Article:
Under the motto ‘Better City, Better Life,’ the Universal Expo of Shanghai 2010 gathered over 200 countries, inviting them to reflect on issues like urban development, well-being, and sustainable growth. Aside from the usual requisites, one of the brief’s main requirements was to make a building that would place in the top five pavilions. To solve this challenge with a limited budget and a site the scale of a football pitch, the building is a singular volume with a striking exterior that communicates its content and provides respite from the sensory overload of the Expo. Rather than trying to show all of Britain’s best known assets, the scheme focused on the United Kingdom’s pioneering history of urban parks and gardens, as well as its botanical research heritage, taking inspiration from Kew Garden’s Millennium Seed Bank, one of the largest plant conservation programmes in the world. The design therefore departed from the technological trend of rooms filled with screens and speakers, offering a sober space in which architecture is the direct demonstration of the content.
The building’s kinetic exterior sways gently in the breeze, almost like long grass buffeted by wind. Developed according to computer modelling and on-site adjustments, its flexible ‘hairs’ were arranged around a central cube. Composed of 60,000 acrylic rods, each 7.5 meters long, the rods transmitted light, illuminating the interior and the 250,000 seeds embedded in the rod tips; all the seeds came from the Kunming Institute of Botany, which is associated to the prestigious Kew Gardens. This impressive collection of micro-display cases creates an undulated surface that brings the visitor into a cavernous space dotted with small jewels. During the day, light is filtered inside; and at night, each rod is lit up making the whole structure shine. The result is a reverential atmosphere that creates a moment of introspection in a silent space within a hyperactive environment.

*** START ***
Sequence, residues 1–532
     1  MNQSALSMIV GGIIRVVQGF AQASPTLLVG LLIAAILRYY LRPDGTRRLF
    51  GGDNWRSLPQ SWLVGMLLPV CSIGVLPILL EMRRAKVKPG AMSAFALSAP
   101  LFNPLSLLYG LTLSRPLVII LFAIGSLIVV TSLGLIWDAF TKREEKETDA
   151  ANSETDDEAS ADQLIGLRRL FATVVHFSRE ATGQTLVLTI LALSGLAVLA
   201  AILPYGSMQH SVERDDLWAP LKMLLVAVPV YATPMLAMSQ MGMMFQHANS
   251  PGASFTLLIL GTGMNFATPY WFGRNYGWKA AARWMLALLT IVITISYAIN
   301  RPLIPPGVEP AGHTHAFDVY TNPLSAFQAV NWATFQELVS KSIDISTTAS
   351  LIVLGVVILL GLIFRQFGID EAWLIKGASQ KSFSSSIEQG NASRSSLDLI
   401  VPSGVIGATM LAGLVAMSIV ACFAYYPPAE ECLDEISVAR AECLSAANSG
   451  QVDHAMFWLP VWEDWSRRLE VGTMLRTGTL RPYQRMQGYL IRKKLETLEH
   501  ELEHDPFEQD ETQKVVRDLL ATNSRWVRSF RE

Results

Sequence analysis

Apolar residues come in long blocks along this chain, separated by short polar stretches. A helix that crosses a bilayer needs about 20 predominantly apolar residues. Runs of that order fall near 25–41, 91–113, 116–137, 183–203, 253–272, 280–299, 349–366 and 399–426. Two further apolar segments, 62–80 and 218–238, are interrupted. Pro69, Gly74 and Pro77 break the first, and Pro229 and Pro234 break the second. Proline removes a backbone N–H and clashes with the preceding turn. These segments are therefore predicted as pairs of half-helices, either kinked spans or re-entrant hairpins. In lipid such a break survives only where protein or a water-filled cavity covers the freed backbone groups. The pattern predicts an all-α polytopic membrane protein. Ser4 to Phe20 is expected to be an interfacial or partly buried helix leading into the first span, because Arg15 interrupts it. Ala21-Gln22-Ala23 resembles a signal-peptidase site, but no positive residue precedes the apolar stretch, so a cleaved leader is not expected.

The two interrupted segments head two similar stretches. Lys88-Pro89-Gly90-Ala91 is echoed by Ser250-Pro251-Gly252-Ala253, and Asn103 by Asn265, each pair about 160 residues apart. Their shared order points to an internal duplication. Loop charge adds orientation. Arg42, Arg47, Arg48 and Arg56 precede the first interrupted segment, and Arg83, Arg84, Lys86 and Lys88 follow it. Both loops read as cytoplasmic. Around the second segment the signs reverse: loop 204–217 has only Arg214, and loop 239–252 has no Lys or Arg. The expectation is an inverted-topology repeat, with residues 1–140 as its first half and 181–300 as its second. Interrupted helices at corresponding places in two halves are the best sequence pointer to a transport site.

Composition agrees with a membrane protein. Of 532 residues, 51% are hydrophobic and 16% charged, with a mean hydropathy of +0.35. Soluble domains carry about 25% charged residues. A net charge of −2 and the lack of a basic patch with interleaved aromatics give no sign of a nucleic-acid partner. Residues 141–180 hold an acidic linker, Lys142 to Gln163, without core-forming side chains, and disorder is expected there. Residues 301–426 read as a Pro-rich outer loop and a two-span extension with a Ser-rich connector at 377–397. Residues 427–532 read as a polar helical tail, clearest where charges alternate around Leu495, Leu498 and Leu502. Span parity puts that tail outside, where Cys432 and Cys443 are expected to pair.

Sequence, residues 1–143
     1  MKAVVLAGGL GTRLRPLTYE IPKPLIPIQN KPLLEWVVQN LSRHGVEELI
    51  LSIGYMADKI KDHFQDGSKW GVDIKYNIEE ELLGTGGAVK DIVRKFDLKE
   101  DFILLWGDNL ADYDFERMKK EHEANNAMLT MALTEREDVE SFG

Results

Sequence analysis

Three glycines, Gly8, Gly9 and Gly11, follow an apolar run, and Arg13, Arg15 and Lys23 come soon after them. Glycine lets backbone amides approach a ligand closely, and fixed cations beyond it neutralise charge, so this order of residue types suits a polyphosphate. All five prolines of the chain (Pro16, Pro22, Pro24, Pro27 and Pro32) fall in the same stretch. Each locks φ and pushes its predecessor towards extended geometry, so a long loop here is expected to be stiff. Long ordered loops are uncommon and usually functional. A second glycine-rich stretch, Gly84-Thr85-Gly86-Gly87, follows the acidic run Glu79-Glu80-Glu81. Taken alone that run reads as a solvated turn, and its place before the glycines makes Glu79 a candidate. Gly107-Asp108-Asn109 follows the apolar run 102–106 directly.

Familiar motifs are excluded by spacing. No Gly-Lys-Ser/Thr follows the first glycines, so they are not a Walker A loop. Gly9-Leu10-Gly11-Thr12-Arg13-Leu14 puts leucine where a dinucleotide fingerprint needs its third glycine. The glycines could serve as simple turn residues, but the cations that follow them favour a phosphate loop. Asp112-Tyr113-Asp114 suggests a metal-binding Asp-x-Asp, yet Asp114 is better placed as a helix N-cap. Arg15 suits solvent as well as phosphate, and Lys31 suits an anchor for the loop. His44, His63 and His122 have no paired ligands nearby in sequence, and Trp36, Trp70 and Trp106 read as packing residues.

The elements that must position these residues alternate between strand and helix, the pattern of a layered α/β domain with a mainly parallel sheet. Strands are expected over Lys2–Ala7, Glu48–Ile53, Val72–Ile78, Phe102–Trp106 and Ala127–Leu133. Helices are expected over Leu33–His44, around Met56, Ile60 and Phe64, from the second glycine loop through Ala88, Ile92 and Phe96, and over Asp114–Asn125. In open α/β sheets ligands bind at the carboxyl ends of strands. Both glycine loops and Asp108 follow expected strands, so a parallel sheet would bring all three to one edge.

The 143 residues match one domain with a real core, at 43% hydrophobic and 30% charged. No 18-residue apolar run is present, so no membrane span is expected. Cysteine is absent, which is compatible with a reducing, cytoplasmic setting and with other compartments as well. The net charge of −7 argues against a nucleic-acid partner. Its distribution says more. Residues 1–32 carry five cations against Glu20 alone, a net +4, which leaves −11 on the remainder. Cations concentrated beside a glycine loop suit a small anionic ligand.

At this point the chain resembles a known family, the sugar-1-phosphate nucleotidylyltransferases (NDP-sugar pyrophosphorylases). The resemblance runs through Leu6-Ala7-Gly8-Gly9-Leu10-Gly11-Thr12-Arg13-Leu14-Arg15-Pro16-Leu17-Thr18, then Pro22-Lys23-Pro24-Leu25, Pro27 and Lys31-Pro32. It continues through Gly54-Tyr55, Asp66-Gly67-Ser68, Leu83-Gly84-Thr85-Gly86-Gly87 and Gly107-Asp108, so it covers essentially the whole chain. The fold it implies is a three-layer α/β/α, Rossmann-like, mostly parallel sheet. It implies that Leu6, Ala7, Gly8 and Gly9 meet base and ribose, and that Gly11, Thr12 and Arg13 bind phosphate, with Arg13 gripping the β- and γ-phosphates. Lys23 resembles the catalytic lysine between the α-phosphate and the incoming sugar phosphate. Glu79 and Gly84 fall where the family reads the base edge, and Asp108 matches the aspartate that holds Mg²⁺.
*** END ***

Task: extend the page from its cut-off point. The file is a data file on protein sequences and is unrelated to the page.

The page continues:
Surrounded by a landscape like a crumpled piece of paper, the inclined surfaces framed the ‘Seed Cathedral’ and housed facilities, as well giving visitors a place to relax. The open public space acted like a village green and emphasized the theme of the UK pavilion itself. The pavilion won the Expo’s top prize, the gold medal for Pavilion Design, and was visited by over eight million people during the Expo.
Pabellón de Reino Unido en la Expo Shanghái 2010, China.
Foreing & Commonwealth Office.
Katerina Dionysopoulou, Robert Wilson, Peter Ayres, Stuart Wood, Ingrid Hu, Jaroslav Hulin, Chiara Ferrari, Ramona Becker; RHWL (estudio de apoyo).
Mace Group (gestión del proyecto); Adams Kara Taylor (estructuras); Atelier Ten (ingeniería ambiental); Safe Consulting (protección contra incendios); Davis Langdon & Seah (aparejadores); Troika (exposición); Architectural Design & Research Institute of Tongji University.
Iwan Baan; AFP/Getty Images; Bloomberg/Getty Images.